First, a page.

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A little rusty

First of all, I want to apologize to my new blog subscribers if I filled up your inbox this week.  I recently designed a new website with blog and jewelry in one, but I didn’t want to lose all my old blog entries and so I was so excited to find a plugin to import the old entries into the new blog.  While still patting myself on the back my dear sweet friend Kerry sent me a text to let me know that she had recently subscribed to my new blog and just got nearly 700 emails notifying her of “new” AnneMade Jewelry blog posts.  I wanted to crawl in a hole right there, totally mortified.  I’m very thankful if you’re still with me as I am gearing back up to be a jewelry designer again after living in Sweden.

Back to my regularly scheduled post…

9After filling Christmas orders at the end of 2013 I started to focus on our upcoming move to Sweden, so other than a few little projects here and there I haven’t picked up my jewelry pliers for almost two years. It’s not that I didn’t think about jewelry, but living in Europe brought the opportunity to more easily see some things on my bucket list so it was fun to focus on something else for a change. If you’re a small business owner or a designer of any sort you may be able to relate to the illness I have of never being able to turn off that part of my brain. I would admire the shape of olive leaves, arches, and ironwork, all while mentally recreating them in wire. It’s a sickness.

Many people ask why I haven’t created jewelry in Sweden like I did back in the States. At first I was just enjoying the break, perhaps a little burned out from the pace of Christmas and then the move itself. Then I slowly started noticing shops around Gothenburg that might be a good fit for the look of my jewelry. When we went home for a visit I was excited to start creating jewelry again so I brought back tools and beads and my restocked wire organizer. I created some pieces for a Swedish friend, but each time I got my tools and supplies out on the dining room table I knew I had to put everything away before dinner. I didn’t have a dedicated space to work in our apartment, and I am the sort of person who thrives in a messy studio.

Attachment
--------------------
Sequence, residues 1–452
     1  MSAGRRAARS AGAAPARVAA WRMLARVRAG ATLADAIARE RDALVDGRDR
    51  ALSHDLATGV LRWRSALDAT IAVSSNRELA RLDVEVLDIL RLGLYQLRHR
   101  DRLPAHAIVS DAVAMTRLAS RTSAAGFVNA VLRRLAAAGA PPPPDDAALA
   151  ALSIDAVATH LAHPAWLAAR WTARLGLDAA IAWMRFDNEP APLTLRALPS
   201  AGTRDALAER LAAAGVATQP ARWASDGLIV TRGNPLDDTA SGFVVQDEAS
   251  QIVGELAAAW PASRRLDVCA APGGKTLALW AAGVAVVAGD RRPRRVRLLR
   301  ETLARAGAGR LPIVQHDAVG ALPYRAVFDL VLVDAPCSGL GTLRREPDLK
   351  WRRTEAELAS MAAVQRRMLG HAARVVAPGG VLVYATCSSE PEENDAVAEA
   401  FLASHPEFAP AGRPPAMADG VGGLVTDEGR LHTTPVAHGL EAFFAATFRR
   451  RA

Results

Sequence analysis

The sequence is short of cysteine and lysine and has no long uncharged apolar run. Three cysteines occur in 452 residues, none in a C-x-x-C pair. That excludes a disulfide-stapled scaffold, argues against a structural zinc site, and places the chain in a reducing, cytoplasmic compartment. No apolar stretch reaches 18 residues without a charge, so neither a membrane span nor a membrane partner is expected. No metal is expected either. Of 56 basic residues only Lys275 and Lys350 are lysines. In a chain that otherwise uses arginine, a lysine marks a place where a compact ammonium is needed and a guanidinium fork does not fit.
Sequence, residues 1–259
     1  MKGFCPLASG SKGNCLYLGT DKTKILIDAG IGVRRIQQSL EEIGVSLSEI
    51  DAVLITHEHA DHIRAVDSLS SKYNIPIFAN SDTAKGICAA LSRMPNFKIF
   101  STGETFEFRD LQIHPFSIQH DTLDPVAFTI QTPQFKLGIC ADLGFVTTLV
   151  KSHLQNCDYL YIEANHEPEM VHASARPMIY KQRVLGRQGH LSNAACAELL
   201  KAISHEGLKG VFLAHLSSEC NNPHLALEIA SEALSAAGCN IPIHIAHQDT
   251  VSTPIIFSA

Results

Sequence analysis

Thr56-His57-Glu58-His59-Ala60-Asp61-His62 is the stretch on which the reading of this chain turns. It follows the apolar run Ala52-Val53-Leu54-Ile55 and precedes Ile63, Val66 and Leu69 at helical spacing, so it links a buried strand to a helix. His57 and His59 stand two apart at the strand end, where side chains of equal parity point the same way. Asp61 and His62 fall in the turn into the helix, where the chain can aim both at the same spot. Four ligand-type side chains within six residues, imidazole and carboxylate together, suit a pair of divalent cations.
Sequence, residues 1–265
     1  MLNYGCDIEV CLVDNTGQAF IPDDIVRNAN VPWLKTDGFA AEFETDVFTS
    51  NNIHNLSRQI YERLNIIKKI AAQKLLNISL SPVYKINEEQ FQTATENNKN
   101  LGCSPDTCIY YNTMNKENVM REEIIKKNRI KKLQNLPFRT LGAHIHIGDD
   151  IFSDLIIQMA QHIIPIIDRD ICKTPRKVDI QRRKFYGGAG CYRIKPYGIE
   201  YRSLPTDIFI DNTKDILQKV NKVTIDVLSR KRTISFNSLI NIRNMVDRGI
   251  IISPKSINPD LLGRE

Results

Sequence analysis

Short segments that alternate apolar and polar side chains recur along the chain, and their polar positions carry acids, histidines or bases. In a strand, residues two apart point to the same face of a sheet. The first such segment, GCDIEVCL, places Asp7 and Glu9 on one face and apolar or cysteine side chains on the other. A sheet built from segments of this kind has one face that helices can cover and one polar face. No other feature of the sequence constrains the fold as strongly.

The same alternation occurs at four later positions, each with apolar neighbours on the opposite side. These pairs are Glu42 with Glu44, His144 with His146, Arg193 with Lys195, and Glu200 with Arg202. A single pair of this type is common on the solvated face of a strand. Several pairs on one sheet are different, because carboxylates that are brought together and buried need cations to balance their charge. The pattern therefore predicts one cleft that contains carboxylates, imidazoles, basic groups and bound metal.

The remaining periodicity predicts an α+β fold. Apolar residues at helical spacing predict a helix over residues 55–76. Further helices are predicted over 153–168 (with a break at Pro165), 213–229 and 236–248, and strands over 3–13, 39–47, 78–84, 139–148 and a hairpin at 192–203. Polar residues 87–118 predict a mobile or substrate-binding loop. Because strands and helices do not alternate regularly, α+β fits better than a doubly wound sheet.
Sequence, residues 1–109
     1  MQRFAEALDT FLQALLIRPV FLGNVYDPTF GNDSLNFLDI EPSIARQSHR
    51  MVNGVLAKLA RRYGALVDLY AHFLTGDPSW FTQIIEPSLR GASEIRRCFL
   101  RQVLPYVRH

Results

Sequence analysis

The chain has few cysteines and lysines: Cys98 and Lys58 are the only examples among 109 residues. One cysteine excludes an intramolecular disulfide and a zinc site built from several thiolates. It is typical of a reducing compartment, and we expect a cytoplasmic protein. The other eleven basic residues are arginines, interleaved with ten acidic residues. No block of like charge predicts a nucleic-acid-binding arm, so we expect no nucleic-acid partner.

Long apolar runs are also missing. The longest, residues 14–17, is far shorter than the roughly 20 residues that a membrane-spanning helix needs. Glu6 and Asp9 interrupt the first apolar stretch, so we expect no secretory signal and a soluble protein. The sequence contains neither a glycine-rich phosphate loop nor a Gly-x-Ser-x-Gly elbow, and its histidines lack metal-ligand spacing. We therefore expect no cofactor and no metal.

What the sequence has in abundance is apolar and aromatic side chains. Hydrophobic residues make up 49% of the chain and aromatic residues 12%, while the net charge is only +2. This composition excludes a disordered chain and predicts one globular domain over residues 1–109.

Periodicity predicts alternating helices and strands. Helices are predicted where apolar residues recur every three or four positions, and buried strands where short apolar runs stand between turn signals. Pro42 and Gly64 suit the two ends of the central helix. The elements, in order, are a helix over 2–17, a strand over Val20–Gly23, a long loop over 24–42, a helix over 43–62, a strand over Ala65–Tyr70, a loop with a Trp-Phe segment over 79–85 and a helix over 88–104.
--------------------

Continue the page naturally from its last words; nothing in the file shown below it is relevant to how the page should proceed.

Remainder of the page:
This is my old studio before it was packed away in storage for our time in Sweden…


In Sweden, having to clean up and put everything away was really discouraging to my creative process, just like the knowledge that I’d be moving back to the States before long kept me from pursuing client relationships.  Plus I loved my expat life with the PTA walking group and tennis lessons and fika and international Bible study and traveling around Europe, so I decided to enjoy it while it lasted. And sure enough, the time has come to head back to a new-to-us home in a different part of Virginia, the moving details are falling into place, and I am chomping at the bit to meet my new studio space.

The time off has given me a chance to process and think about what I want from my business, where I want it to go. Starting a new chapter gives me a chance to make some changes, and I’m excited about unpausing and moving forward. I even dragged out my tools and wire to check the feasibility of some new designs I sketched, and I realized that my wirework skills are a little rusty. My hands wouldn’t do the thing my brain was telling them, at least not the first time. Practice, practice!

wire doodling

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Since Fall

Hi again!  It has been a while since I updated this so thanks for your patience.  It’s not because all my free time is spent on Pinterest, I promise.

Starting in September I rented studio space downtown close to where my kids go to preschool.  It was glorious being able to drop them off and then walk to work, making jewelry for hours on end without the distraction of the computer or housework (ahem) until my alarm told me to go back and pick the kids up.  I showed you a little of my Sedona line, and after that I did a grouping with Swarovski-set components (like this focal) as part of my Facets collection.

I am still working with colored stone briolettes for my Facets collection as well, and I hated to see this pair of cluster earrings go…
Purple, pink, and orange!
Also I can’t get enough of those big honkin’ Chinese crystals, so I did some long necklaces and wire rings featuring those for the holiday season.
But after Christmas change was in the air.  The pedestrian mall was torn up for an infrastructure upgrade and facelift, and it has been interesting to watch all the work going on just outside my studio.
Cutting down “my” tree, piece by piece